Dalbergia sissoo (Sugar Maple)

The name “dalbergia” comes from the Latin word “dallabium”, which means “sweet maple”. The scientific name of this species is D.

sylvatica, but it is commonly known as sugar maple or sweet chestnut. Its common names include Sugar Chestnut, Sweet Chestnut, Red Chestnut, Black Chestnut and Silver Maple.

The genus Dalbergia contains approximately 400 species. They are native to Eurasia, Africa and North America.

Most of them grow in tropical regions where they have adapted to high temperatures and humid conditions. Some species are found only in the northern hemisphere, while others occur throughout the world.

There are many varieties of dalbergia trees, some with large leaves and others with small ones. There are also different types of bark colors.

The most characteristic feature of all these species is their ability to produce edible fruits. However, not all species are considered good sources of nutrition.

The root system of the tree consists mainly of woody roots that grow underground in soil and often in damp places such as under stones or in wet soils. Their leaves are shaped like ovals and have the color of green in most species, however there are some that have deciduous leaves.

Sissoo trees usually reach a height of about 3 meters (10 feet), but some can grow up to 10 meters (30 feet). These trees have long, deciduous leaves (These fall off at the beginning of winter), small flowers and round berries that are either red or yellow.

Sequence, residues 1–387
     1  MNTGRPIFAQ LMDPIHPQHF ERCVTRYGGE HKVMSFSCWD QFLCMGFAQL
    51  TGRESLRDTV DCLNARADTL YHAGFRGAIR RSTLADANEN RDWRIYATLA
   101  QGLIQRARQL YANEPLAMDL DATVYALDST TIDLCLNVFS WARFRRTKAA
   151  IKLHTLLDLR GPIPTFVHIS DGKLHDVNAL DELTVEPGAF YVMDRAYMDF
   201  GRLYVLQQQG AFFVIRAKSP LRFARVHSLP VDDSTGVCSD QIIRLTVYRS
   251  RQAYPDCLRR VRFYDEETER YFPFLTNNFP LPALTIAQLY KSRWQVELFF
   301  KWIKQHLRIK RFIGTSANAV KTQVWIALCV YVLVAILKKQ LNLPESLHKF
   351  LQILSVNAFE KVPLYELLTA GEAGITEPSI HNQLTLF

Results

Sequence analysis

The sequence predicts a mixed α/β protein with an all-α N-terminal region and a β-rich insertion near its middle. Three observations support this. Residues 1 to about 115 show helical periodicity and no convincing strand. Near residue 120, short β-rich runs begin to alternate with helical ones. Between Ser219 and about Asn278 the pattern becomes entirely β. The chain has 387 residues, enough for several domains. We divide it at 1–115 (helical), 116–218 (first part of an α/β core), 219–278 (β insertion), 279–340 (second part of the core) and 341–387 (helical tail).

The fruit is fleshy and edible. It contains several seeds that are also edible when cooked.

Habitat and Distribution

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The dalbergia sissoo grows in tropical regions in Asia, mainly in the Eastern Himalayas, but it can also be found in Bhutan, Bangladesh, Myanmar and southern Tibet. It prefers hilly areas at an altitude of about 1,200 meters (3,900 feet) above sea level.

The dalbergia sissoo is very common in this area. It grows in wet, mountainous areas and is often found along rivers and streams.

These trees grow at a very fast rate mainly because their wood is very durable and resistant to insects. This is the main reason why this wood can be found in furniture all over the world.

The deep roots of the sissoo prevent soil erosion, hence they provide protection against mudslides. The bark is also used in the tanning of leather and as a source of tannin.

The species was declared the national tree of India in 1972.

Cultivation

The dalbergia sissoo is very easy to cultivate because it can grow in almost any type of soil, as long as it is well drained and not too acidic. This makes it a very popular species for reforestation projects.

The tree prefers full sun and moderate rainfall. It must, however, be protected from strong cold winds.

The sissoo is in great demand for its wood, which is very durable and resistant to insects and fungi. It is commonly used in the manufacture of furniture and musical instruments.

These trees have many uses: they are a good source of tannin, which is used in leather processing. The wood is often used for railroad ties and the bark is used to produce an ingredient that helps to tan leather.